Marx’s own system contains a feature that can only be understood as reflecting the reality of capital. There is already a name for such a scale of value: It is the value of capital, including human capital. Pyramid building is labor intensive production, while automobile building is capital intensive production. Capital intensive production requires skills and knowledge, whose fruits may be effected by the industrial workers, but which may only be conceived and held systematically in the consciousness of the industralist, i.e. the Henry Ford. Even the level of capital development represented by pyramid building, whose products remain marvels of human achievement, is historically credited to one genius, the semi-divine III Dynasty architect Imhotep,. Marx’s denial of the existence and necessity of capital means that his own theory is incoherent, since it denies but does actually contain a scale of value, which we can now recognize as that of capital, to explain improved modes of production, increased productivity, and more technologically and aesthetically sophisticated products. In the end, as the workers were impoverished and the number of capitalists dwindled, the capitalists would end up with no one to sell their goods to and nothing to do with the capital derived from their profits. Labor intensive production gives way to capital intensive production, and greater capital means great productivity, not just in quantity, but in kind. Since British industry was largely involved in building railroads in Marx’s day, he seems to have actually believed that, once the railroads were built, there would be nothing for that workforce, or its capital, to do. Simply a different way of doing things represents new knowledge and new capital. The value of capital can simply evaporate in misconceived investments. Marx’s thesis of the fictional nature of capital is thus equivalent to his lack of imagination regarding what it would be possible for people to do with their capital. No. Since Marx was the kind of person who would never know what to do with capital, he did not believe there was anything to do with it. With surviving employed labor concentrated in large corporate entities, and the capitalists left with nothing to do with their capital and few consumers with the means to purchase capitalist production, the revolution would more or less happen of itself when the system collapsed in a panic of banks and investors. Although nominal wages were falling in the United States from 1865-1897, apparently in line with Marxist expectations, real wages were actually rising, and there didn’t seem to be a problem with over-production or with capital investment.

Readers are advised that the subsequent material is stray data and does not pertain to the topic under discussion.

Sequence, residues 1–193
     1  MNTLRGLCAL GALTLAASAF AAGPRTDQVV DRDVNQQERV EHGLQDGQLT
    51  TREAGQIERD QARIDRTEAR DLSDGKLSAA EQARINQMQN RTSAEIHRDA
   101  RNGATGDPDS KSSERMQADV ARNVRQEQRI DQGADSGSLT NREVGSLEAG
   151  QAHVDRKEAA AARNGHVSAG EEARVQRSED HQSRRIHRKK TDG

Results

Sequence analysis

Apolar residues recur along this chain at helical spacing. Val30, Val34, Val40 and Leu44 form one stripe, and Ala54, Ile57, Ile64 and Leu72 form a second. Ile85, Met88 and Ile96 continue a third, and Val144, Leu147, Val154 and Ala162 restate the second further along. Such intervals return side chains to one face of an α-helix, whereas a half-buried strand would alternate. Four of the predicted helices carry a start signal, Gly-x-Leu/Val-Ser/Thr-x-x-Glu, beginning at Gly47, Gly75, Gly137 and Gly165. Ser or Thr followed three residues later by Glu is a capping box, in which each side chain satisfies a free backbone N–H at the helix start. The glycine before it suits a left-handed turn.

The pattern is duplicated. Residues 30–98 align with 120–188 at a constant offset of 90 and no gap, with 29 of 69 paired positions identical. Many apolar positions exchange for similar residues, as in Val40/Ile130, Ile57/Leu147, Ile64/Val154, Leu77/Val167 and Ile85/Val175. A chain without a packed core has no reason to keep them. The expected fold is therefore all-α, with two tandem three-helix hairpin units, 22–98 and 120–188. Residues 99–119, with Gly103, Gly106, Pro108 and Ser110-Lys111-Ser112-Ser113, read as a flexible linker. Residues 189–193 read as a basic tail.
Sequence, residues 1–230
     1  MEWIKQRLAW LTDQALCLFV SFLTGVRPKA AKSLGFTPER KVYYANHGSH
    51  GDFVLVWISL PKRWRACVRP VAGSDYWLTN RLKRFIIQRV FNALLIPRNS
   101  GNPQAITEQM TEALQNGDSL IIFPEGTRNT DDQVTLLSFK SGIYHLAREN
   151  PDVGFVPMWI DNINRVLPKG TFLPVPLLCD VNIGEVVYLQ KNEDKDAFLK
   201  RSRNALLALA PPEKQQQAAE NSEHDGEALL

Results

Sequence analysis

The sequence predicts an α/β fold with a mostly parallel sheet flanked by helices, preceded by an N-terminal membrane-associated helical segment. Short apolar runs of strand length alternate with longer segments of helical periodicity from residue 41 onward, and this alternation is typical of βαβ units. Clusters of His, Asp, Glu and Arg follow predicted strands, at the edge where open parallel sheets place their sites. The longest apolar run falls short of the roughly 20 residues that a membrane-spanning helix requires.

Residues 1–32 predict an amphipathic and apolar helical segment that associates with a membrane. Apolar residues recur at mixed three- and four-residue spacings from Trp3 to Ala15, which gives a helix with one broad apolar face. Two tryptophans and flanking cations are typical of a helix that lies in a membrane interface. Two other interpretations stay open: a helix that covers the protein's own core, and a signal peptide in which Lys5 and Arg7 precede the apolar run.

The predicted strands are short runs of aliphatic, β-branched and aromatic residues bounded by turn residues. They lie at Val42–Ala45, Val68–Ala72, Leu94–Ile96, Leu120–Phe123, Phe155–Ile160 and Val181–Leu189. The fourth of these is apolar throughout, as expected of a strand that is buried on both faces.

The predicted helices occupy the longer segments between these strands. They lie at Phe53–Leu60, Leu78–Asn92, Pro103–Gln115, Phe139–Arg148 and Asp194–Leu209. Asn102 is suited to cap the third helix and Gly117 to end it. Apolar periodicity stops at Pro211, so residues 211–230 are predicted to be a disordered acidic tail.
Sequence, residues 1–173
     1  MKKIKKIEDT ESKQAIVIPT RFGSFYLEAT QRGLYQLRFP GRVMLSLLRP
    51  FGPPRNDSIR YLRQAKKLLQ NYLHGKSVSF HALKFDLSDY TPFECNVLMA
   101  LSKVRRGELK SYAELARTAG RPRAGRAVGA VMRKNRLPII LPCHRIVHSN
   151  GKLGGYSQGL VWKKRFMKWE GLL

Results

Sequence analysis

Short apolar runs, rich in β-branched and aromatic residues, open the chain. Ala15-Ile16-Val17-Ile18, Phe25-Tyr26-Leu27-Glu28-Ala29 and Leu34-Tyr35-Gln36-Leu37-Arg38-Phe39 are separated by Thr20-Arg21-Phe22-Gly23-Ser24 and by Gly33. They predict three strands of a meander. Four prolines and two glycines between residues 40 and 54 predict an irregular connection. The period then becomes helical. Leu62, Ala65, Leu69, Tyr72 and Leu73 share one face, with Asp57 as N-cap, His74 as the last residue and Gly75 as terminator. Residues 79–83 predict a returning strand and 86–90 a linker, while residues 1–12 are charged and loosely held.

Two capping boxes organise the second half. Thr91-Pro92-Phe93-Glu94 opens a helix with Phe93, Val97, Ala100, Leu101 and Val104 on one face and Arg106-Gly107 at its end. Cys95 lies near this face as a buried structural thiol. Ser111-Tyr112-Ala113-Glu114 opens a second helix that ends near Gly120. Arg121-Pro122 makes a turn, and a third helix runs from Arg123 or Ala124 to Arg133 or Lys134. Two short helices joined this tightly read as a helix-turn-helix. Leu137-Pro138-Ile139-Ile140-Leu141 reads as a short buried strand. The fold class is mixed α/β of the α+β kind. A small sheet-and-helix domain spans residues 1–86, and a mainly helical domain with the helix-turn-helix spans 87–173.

Keywords: [“Capital”,”Marx”,”production”]
Source: http://friesian.com/marx.htm

JR Test Site News for 01-21-2018

The Enlightened Capitalist